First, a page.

During my research for an article about Fancy Vivid Pink Diamonds vs. Fancy Vivid Blue Diamonds in honor of the upcoming auction in Geneva, I came across the 10.31 carat Fancy Vivid Pink diamond sold back on November 17, 2005 at Sotheby’s Geneva. At the time, it sold for USD$3,898,602. What caught my attention in regards to this diamond was that its estimated value in CHF at the time of the sale was valued at between CHF4,000,000 to CHF5,000,000 and ended up selling for CHF5,172,000. The exchange rate with the USD was 1.33. It triggered me to also think back about an earlier article I wrote about the major global banks being fined for FOREX manipulation back in 2014. I decided to revisit this complicated but very interesting matter.
Before I analyze this, I wanted to make sure we all understand one thing about the past 10 years- the 10.31ct Fancy Vivid Pink diamond was sold for $3,898,602, or $378,137.92 per carat to be exact. Please take a second and dream about this number because any dealer you speak to nowadays would certainly tell you to dream on if you wanted to buy that diamond at that price. Now let’s go forward 10 years. The last Fancy Vivid Pink diamonds that were sold that were remotely close in size, were the 8.41 carat Fancy Vivid Purplish Pink diamond that sold on November 7, 2014 for $17.78 million ($2.114 million per carat), representing a 459% growth in value, and that is for a diamond under 10 carats. Most recently a very prominent dealer lost a great deal of money because a consumer saw his diamond somewhere on the internet listed by a previous owner from three years earlier with the price of that time. Unfortunately, the consumer backed away from the current deal because he already had the misconception of the value of the diamond, which he did not know had increased dramatically due to market trends of very high demand for rare, unique, and one of kind Jewels.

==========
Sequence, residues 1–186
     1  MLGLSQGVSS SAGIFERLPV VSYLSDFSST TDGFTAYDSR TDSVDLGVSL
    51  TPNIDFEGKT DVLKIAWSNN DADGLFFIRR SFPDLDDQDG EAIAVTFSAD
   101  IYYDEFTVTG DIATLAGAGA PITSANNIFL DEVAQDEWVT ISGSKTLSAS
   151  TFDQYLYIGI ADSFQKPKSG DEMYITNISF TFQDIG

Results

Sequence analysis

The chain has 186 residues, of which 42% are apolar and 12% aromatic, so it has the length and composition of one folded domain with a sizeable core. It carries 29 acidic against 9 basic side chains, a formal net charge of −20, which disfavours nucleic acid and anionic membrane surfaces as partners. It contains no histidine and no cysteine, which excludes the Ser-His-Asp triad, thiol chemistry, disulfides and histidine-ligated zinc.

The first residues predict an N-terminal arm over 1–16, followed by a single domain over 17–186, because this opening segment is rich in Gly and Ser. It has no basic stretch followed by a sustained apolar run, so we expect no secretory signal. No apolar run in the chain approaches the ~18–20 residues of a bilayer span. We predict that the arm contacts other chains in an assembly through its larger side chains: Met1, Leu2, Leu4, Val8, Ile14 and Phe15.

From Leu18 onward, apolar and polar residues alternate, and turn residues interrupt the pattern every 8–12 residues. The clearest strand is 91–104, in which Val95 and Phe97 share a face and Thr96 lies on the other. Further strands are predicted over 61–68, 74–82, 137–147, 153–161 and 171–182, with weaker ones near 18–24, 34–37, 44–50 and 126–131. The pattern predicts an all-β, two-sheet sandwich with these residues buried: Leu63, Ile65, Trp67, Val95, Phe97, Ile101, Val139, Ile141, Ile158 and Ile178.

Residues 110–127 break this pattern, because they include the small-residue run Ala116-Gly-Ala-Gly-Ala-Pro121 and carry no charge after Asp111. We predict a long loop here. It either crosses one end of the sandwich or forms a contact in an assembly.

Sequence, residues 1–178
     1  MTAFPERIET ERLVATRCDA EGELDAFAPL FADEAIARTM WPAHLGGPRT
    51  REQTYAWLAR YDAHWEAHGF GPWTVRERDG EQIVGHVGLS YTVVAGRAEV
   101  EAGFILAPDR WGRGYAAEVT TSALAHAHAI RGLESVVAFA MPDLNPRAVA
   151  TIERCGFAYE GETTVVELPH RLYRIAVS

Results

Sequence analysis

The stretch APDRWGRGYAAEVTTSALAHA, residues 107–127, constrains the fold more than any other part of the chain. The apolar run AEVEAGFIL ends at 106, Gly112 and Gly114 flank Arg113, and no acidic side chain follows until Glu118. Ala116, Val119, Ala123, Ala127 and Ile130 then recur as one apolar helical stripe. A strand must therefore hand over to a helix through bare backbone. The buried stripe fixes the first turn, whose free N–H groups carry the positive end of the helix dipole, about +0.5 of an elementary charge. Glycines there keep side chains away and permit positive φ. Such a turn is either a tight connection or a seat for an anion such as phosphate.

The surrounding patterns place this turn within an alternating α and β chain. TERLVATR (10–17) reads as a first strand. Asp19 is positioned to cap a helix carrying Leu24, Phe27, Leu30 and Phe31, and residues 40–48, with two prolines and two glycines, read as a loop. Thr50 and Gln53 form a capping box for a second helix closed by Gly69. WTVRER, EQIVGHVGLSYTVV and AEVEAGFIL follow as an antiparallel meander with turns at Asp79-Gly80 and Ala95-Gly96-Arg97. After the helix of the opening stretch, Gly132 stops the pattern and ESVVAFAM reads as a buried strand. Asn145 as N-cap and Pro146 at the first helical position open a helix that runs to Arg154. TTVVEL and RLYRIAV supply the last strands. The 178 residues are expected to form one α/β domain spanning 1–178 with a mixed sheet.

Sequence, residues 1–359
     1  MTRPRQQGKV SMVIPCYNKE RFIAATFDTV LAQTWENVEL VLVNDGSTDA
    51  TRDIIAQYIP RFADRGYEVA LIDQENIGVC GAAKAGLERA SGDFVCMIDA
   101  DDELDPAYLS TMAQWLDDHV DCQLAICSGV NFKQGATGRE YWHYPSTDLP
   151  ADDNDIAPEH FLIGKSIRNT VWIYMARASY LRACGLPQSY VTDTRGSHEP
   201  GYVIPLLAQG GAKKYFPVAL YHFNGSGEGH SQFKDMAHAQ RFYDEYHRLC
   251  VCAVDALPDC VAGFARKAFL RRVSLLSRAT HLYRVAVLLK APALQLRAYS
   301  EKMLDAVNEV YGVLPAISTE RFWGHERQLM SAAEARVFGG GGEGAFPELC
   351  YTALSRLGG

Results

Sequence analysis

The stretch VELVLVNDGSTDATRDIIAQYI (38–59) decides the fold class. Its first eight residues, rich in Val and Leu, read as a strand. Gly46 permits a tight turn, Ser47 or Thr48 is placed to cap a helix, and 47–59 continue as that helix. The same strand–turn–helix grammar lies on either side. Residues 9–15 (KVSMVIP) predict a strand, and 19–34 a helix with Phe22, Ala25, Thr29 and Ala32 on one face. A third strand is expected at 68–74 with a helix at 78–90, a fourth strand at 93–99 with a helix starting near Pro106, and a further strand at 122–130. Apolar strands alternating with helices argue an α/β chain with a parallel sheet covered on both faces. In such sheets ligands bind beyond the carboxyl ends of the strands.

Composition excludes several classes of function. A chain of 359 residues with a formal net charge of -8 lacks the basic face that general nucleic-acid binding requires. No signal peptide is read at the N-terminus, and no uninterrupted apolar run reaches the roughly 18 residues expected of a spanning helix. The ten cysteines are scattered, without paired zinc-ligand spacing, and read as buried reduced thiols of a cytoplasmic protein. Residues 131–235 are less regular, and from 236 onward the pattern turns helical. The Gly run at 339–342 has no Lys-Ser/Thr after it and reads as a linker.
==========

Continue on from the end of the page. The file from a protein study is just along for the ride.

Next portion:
Inflation vs. FOREX
It would only be fair in this analysis if we would examine how inflation, and not only FOREX, has changed in the past 10 years for both the USA and Switzerland. We used the USA in this example simply because the item was priced in CHF and USD. From 2005 to 2015, the total inflation in the USA was 21.8% while in Switzerland it was a mere 3.84% according the statistical information. According to the official inflation calculator, if one had paid $3,898,602 for something in 2005, in 2015 that same thing would cost $4,749,886.60.
The exchange rate (FOREX) between the USD and the CHF shows a somewhat similar picture to inflation on the basis that the CHF has increased in value over the 10 years. Back in 2005 a USD$1 was able to get CHF 1.33, while today that same USD$1 would get only CHF 0.95.
In both analyses, that diamond would earn more money in 2015 than it did in 2005, whether you are looking at it as a FOREX trade or simply at its value due to inflation.
Let’s assume you bought the diamond and are now figuring out how much its worth. If you would have paid $3,768,950 in USD in 2005, you would have exchanged it to CHF 5,172,000 in order to pay for it locally in Switzerland. Assuming that you would have put it up for sale right now (not taking into account growth in value or anything else), you would have sold it in the upcoming Geneva auction for the same amount of CHF – and then earned money off of it because the value of the dollar went up. You would have earned USD $5,430,600 on the $3,768,950 diamond due to the exchange rate, an increase in value of 44% (and this is without taking inflation into account!)
Now that is quite a nice amount of money that you earned on your pink diamond!
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